Writer, Daily Life
Natalie Reilly Apparently you can be beautiful or you can be credible, but you can't be both.
Natalie Reilly Think of them as you would the five love languages - heartfelt manifestations of self-expression.
Natalie Reilly Let's look at the evidence...
The Little Mermaid
Natalie Reilly On the 25th anniversary of its release, the question is how does Ariel hold up in the era of Frozen?
You've been warned
Natalie Reilly Behold, the unintentionally hilarious commercial solutions to your real life problems.
Natalie Reilly You wake up to a text. 'Hey! I had a great time last night! Hope to see you again! x'.
Natalie Reilly Natalie Reilly attempts to talk fashion over the swishing of her twirling culottes.
Natalie Reilly In defense of the delicate ecosystem of single-sex classrooms.
Natalie Reilly "The grim truth is this: reality television works because of broken people."
Natalie Reilly A new study reveals two numbers can predict the health of your marriage.
Women v men
Natalie Reilly We're damned if we try to mimic men and damned if we try to act like ourselves.
Natalie Reilly Copy to come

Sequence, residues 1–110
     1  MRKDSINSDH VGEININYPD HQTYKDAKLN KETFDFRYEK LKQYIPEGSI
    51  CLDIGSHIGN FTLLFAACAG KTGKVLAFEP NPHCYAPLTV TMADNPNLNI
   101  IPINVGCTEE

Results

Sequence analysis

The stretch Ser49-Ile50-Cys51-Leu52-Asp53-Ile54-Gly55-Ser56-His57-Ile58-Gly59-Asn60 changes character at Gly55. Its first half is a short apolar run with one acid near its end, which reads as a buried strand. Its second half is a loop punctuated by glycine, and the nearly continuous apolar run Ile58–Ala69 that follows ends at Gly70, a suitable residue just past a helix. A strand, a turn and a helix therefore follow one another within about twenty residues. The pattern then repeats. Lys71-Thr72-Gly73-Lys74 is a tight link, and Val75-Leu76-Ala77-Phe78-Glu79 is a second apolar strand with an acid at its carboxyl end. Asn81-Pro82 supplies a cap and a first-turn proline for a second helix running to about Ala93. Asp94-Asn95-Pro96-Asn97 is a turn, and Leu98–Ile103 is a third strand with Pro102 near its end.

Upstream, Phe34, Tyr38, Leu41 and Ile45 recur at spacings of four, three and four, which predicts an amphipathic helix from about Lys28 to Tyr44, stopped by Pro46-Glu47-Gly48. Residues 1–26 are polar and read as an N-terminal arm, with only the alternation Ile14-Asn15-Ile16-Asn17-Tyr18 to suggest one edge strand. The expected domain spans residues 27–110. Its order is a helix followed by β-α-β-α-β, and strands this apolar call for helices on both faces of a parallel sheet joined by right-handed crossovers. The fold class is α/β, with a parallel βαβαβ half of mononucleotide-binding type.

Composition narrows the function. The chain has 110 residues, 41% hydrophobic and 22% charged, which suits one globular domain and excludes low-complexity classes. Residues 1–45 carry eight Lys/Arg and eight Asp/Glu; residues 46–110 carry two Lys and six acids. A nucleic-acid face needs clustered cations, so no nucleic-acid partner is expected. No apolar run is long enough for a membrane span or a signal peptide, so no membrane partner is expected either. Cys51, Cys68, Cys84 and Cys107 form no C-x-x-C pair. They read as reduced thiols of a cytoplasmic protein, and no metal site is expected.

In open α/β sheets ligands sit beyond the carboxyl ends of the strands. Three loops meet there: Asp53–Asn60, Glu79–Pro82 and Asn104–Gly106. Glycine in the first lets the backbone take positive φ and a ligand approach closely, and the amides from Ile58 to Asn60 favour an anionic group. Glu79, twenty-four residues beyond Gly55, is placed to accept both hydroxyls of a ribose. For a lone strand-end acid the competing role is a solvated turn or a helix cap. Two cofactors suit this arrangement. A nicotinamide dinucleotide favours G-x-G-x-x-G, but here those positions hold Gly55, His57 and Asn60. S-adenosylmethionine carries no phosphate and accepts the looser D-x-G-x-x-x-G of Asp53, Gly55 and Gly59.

Natalie Reilly Trying to safeguard our sons from 'perfect bodies' doesn't tell them so much about the world as it does about how we see ourselves.
Natalie Reilly According to two studies of over 1200 online users undertaken earlier this month, trolls are narcissists, psychopaths and above all, Machiavellian.
Natalie Reilly For too long now, women who have achieved greatness have been reduced - sometimes unconsciously, but often publicly – to nothing more than sex objects and mothers and incubators of unborn children.
Happy wife v happy life
Natalie Reilly While it might seem like the wife 'holds the key', it's the husband who holds the lock.
Natalie Reilly In the words of Maya Angelou, ‘always be intolerant of ignorance’.
Natalie Reilly In our culture restrictive eating has become synonymous with a sense of control, achievement and even piety.
Natalie Reilly And what they tell us about the way we view parenting.
Natalie Reilly It's called linguistic appropriation and it happens more than you think.